From Western to Weeaboo—Easing Into Japan’s Weirder Side of Games
Over the course of the last ten years, I went from someone who barely paid attention to the state of the industry, and ignoring the entire Japanese side of the pie, to going almost entirely in on Japan.
There are multiple reasons for this. In an age where a lot of Western-lead games rely on microtransactions, skinner box designs, so-polished-it’s-boring game play or simply not delivering what we’re asking for, Japan feels entirely different when you dig down into the niches, with different ways of doing things that are a good breath of fresh air.
It’s not an easy journey to make, with certain hurdles that do need to be leaped, but as someone who will happily list the last two games in this article as two of his favorite games of all time, the journey is absolutely worth it. With that said, recommending a game such as Muv-Luv to a Call of Duty player isn’t exactly going to hit home, and easing someone into the weirdness of Japan’s culture can take some time.
This list is designed to help with that. We’re going to dig into and recommend games that help you get used to the weirdest of the weird, so that when you finally take the plunge into the deep end, it’ll be much less of a surprise.
This article is going to be split into multiple sections, sorted roughly by ‘difficulty’ to get into based on your familiarity with Japanese culture. It’s recommended that you head down the path from Easy to Extreme, so that you can find your limits without going too far in right off the bat. With that said, let’s get started.
We’re going to start with Easy difficulty, which show little to no oddities, and may appear more American than one might expect at first.
Any Japanese Game the Mainstream Media Has Actually Heard Of
The majority of you reading this are probably at this spot.
Some people might start further down this list, but for anyone who has never heard of anything listed below, you start here. The best example of this level would probably be almost any Nintendo game. Throw a dart, seriously. They still have that otherworldly creativity that is well appreciated, and even with Nintendo being Japanese, their games have a great universality to them, a great way to remember that Japan is human, just like us.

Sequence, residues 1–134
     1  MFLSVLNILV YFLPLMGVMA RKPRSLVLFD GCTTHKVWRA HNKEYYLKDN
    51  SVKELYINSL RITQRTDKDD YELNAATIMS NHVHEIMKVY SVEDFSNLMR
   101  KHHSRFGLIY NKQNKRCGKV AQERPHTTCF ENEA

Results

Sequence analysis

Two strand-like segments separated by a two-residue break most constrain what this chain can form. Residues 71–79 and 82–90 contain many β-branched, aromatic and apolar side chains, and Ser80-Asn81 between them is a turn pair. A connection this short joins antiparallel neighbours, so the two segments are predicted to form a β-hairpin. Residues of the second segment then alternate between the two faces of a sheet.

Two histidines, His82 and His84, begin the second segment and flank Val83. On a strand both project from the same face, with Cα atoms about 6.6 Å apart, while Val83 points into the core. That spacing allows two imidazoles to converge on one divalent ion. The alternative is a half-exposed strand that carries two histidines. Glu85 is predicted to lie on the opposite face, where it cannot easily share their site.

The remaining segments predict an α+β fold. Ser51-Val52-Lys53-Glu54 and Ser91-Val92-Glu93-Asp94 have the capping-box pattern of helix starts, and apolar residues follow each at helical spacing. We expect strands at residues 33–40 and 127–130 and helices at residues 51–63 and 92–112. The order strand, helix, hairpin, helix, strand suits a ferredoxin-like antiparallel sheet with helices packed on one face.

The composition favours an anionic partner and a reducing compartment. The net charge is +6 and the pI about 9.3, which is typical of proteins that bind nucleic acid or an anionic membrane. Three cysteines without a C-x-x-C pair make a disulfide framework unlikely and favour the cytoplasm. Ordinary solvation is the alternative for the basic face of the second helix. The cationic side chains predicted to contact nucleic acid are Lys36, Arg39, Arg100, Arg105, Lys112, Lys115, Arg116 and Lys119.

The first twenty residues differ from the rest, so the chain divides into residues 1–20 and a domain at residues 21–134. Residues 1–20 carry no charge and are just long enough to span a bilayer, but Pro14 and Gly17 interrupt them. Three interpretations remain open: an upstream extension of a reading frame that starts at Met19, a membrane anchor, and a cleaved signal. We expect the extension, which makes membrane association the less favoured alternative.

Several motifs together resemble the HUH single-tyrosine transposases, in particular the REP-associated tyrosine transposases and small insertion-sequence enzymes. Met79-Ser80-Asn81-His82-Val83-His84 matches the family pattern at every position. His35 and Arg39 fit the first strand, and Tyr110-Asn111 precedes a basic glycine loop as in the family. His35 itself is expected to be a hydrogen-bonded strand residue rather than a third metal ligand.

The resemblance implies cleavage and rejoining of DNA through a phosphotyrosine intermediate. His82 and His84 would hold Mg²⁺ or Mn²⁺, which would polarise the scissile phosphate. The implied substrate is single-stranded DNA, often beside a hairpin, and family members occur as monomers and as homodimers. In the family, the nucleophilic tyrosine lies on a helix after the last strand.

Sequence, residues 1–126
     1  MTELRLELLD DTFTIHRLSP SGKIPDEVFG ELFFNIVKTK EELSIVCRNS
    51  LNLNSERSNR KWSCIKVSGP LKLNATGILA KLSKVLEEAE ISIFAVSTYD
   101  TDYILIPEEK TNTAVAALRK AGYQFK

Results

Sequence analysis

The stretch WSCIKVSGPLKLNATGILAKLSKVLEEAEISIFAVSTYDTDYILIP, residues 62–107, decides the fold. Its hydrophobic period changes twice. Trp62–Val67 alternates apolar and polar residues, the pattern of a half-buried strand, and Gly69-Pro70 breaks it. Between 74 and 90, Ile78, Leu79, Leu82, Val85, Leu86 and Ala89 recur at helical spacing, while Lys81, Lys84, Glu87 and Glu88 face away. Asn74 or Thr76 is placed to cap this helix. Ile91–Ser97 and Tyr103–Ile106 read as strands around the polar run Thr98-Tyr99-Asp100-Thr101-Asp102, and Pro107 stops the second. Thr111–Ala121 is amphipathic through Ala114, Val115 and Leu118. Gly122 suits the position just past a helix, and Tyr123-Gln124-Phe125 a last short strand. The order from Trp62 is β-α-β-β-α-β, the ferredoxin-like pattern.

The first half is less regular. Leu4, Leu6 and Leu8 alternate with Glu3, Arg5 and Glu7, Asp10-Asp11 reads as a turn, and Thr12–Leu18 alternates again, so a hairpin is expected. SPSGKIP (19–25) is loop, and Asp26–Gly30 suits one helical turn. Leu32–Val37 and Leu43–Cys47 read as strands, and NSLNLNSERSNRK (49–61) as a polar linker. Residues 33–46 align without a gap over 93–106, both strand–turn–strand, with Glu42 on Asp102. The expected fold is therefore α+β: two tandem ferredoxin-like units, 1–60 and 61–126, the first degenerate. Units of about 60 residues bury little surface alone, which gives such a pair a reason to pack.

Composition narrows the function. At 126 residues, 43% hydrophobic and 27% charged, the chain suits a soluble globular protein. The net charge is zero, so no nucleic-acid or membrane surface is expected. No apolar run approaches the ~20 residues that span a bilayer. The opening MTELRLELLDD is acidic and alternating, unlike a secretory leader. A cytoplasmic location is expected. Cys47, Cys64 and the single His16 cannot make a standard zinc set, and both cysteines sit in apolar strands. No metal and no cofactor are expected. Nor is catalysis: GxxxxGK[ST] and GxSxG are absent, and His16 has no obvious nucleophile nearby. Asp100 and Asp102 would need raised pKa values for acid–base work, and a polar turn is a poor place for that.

The Yakuza Series
It’s taken off in recent years (and as someone who caught it just before it became popular, I am eternally grateful for it), so it might already be on your radar, but the Yakuza series is a fantastic example of properly presenting Japanese culture in a way that’s palatable.
Serious Japanese dramatic flair with all the proper customs, while also letting you take breaks by beating the bejesus out of some street punks in a true-to-life recreation of a nightlife Tokyo district. Fantastic voice acting makes the honorifics sound thoroughly natural, so when you start hearing it more further down the list, it won’t set off any alarm bells. You can start at Yakuza 0, which is often cheap.
Metal Gear Solid
This probably could have been rolled into the “any Japanese game yadda yadda” point above, but it’s worthy of mention in its own section, purely because of how much of a weirdo Kojima is.
Barring certain parts of the series that try and fail, almost any MGS game is filled with weirdo nonsense that gives the game its own sense of style. While Kojima definitely has his own style about things, his upbringing in Japan absolutely helped. (Hell, Otacon is a self-described anime otaku, the journey in which you become one is one you’re taking right now. If that doesn’t give you an idea, then I don’t know what will.)
Things You Remember
This is probably obvious to everyone who’s reading this article, but the world of Japan bought us everything from Pokémon to Dragon Ball Z. All of their weird quirks and traits that made them so lovable may well have come from a Japanese atmosphere. That’s all. Moving on!
Medium difficulty is getting up there, with small, notable moments of exposure to the weirder sides of Japanese culture and storytelling tropes. Great for starting to build resistances to the odd one out.
Persona 4 or 5
A slightly more down to earth Japanese title now.
Persona is an RPG series about Japanese teenagers going on to save the world through the power of friendship, and a lot of familiar tropes used in Japanese gaming tend to turn up here. The games are notable for taking a long time to get going, and there are a couple of scenes which may turn off the most Japan-phobic, but if you can get through one or the other, you’ll probably be fine.